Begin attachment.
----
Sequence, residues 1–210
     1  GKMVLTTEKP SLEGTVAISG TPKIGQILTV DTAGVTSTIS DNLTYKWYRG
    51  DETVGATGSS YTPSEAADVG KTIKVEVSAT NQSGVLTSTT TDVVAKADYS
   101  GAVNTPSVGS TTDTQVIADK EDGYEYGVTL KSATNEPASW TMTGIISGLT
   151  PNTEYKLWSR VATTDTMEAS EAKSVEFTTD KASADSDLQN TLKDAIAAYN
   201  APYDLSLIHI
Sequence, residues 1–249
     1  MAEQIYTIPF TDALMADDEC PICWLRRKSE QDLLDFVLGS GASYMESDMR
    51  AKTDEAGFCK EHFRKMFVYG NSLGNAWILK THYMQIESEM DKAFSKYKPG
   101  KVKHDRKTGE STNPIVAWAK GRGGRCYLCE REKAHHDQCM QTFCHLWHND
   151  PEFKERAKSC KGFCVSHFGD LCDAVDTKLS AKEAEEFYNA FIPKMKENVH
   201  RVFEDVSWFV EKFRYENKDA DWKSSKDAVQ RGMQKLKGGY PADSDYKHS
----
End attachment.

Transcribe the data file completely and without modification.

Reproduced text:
Sequence, residues 1–210
     1  GKMVLTTEKP SLEGTVAISG TPKIGQILTV DTAGVTSTIS DNLTYKWYRG
    51  DETVGATGSS YTPSEAADVG KTIKVEVSAT NQSGVLTSTT TDVVAKADYS
   101  GAVNTPSVGS TTDTQVIADK EDGYEYGVTL KSATNEPASW TMTGIISGLT
   151  PNTEYKLWSR VATTDTMEAS EAKSVEFTTD KASADSDLQN TLKDAIAAYN
   201  APYDLSLIHI
Sequence, residues 1–249
     1  MAEQIYTIPF TDALMADDEC PICWLRRKSE QDLLDFVLGS GASYMESDMR
    51  AKTDEAGFCK EHFRKMFVYG NSLGNAWILK THYMQIESEM DKAFSKYKPG
   101  KVKHDRKTGE STNPIVAWAK GRGGRCYLCE REKAHHDQCM QTFCHLWHND
   151  PEFKERAKSC KGFCVSHFGD LCDAVDTKLS AKEAEEFYNA FIPKMKENVH
   201  RVFEDVSWFV EKFRYENKDA DWKSSKDAVQ RGMQKLKGGY PADSDYKHS